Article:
AI Self Driving Technology

Fast Facts on Arm’s New Autonomous Driving Chip

Semiconductor giant Arm today unveiled the Cortex-A76AE, a microarchitecture CPU designed for use in autonomous vehicles. The UK-based Softbank subsidiary hailed the new chip as the world's first autonomous-class processor with integrated safety features.

Semiconductor giant Arm today unveiled the Cortex-A76AE, a microarchitecture CPU designed for use in autonomous vehicles. The UK-based Softbank subsidiary hailed the new chip as the world’s first autonomous-class processor with integrated safety features.

The A76AE follows on the Cortex-A76, which was released three months ago to succeed Arm’s Cortex-A73 and A75 10nm processors. The A76 processors are built on a 7nm transistor scale with a clock speed of 3GHz — the cutting edge of semiconductor design.

Automotive Enhanced IP

The “AE” stands for Automotive Enhanced, meaning the chip has attributes targeting specific automotive use cases. Arm plans to extend its Automotive Enhanced IP solutions to a wider range of its products in the future.

Integrated Safety Features

Safety is the greatest concern for autonomous vehicles. The Cortex-A76AE’s Dual Core Lock-Step (DCLS) and Split-Lock are standout features that boost safety and robustness. “Lock-Step” is a dual-core computer system that executes the same code in parallel and looks for discrepancies between the two cores to identify error occurrence.

Split-Lock adds flexibility unavailable in traditional lock-step systems. When a vehicle encounters an error occurrence, Split-Lock can disengage the problematic core to allow the vehicle to operate in a degraded mode rather than shutting down the entire system.

Arm’s Other Autonomous Vehicle Chips

Arm has incorporated autonomous-class features into its other chip designs. Two years ago the company introduced Cortex-R52, a chip optimized for hard real-time and safety-critical applications. Cortex-R52 delivers up to 35 percent higher single core performance and 14 times faster context switching over its predecessor. The chip’s Armv8-R architecture also supports safety critical code independence, so changes to one module do not require wholesale recertification for all the software, thus saving time and effort.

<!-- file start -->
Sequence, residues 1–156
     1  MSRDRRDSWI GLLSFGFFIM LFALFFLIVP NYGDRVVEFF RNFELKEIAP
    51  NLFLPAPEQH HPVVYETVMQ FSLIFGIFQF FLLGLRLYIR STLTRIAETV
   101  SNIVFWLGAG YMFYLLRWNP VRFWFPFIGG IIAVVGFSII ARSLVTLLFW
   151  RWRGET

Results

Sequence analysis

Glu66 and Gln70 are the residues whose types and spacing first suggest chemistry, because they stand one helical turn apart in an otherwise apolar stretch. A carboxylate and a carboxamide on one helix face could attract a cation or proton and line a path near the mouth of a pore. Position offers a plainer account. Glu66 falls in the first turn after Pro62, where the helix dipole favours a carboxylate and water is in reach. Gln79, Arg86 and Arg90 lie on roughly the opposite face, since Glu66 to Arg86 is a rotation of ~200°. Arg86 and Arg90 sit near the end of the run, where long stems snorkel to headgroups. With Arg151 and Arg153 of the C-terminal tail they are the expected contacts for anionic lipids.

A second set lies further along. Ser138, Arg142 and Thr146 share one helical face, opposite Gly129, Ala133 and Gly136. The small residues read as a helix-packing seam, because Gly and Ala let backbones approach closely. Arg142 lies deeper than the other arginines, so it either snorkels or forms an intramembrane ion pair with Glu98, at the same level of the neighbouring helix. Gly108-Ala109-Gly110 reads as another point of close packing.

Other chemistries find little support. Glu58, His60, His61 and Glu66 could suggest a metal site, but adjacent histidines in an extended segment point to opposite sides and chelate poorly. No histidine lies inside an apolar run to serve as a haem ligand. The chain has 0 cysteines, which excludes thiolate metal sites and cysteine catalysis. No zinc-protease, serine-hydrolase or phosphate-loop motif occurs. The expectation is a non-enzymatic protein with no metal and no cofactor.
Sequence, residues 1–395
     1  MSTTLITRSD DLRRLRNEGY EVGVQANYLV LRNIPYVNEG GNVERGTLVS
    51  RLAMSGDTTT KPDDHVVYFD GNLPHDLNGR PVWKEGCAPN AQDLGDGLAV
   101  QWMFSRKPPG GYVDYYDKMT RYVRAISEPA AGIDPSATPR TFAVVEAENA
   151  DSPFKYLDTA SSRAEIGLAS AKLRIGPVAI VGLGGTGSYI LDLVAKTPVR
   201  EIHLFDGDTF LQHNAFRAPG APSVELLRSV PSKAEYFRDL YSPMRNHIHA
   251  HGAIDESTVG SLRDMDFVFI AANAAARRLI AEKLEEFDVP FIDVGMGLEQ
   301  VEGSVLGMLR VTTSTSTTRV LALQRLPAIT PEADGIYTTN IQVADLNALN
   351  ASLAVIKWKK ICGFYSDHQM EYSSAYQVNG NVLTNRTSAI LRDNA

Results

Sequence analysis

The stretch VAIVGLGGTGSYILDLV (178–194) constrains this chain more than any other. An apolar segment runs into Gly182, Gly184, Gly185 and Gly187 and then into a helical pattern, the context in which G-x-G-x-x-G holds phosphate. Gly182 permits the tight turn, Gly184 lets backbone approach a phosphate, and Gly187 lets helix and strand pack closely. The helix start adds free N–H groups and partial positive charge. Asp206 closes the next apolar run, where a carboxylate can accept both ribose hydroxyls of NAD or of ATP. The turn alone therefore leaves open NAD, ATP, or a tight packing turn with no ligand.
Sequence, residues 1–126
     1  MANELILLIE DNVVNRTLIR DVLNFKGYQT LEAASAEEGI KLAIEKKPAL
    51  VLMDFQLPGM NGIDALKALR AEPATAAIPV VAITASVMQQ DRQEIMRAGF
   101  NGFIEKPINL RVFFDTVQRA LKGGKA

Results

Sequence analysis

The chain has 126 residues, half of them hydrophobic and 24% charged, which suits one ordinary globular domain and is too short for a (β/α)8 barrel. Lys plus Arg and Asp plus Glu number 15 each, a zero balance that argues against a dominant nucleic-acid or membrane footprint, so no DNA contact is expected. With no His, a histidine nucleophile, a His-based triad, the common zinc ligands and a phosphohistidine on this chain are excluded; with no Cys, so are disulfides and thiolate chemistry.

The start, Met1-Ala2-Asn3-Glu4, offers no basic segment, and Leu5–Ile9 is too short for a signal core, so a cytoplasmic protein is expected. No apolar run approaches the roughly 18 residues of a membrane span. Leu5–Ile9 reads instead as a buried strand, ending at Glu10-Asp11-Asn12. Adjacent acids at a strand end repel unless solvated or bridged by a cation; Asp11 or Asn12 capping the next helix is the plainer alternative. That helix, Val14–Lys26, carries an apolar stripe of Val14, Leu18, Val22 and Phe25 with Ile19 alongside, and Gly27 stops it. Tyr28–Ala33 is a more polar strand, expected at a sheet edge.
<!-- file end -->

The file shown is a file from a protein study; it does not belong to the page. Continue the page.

Last year Arm announced its Mali-C71 Image Signal Processor (ISP) series, designed for the Advanced Driver Assistance Systems (ADAS) in vehicles. Mali-C71 was developed with Apical, the UK computer vision and imaging processor company Arm acquired in 2016.

Softbank’s Autonomous Vehicle Ambitions

Arm parent company Softbank has been digging into the autonomous vehicle field for years. After its 2016 acquisition of Arm for £24 billion (US$31 billion), the Japanese tech giant pumped billions of dollars into autonomous vehicle startups, including intelligent camera provider Nauto, Israeli LiDar manufacturer InnoViz, mapping platform Mapbox, and autonomous vehicle company GM Cruise.

Softbank is also expanding its presence in the ride-hailing industry with investments into Uber, Didi Chuxing, and Grab — industry leaders in Silicon Valley, China and Southeast Asia respectively. Softbank also took a US$4 billion stake in GPU & AI chip manufacturer Nvidia, the US chip company dominating the autonomous vehicle computing market with products like its Drive PX2 supercomputer and autonomous car development platform.

Safety Ready Program

Arm also announced its Safety Ready Program, a collection of safety-verified products from across the Arm portfolio. The program’s extensive documentation and certification can save customers time on safety checks, allowing them to focus on Arm IP integration.


Journalist: Tony Peng | Editor: Michael Sarazen

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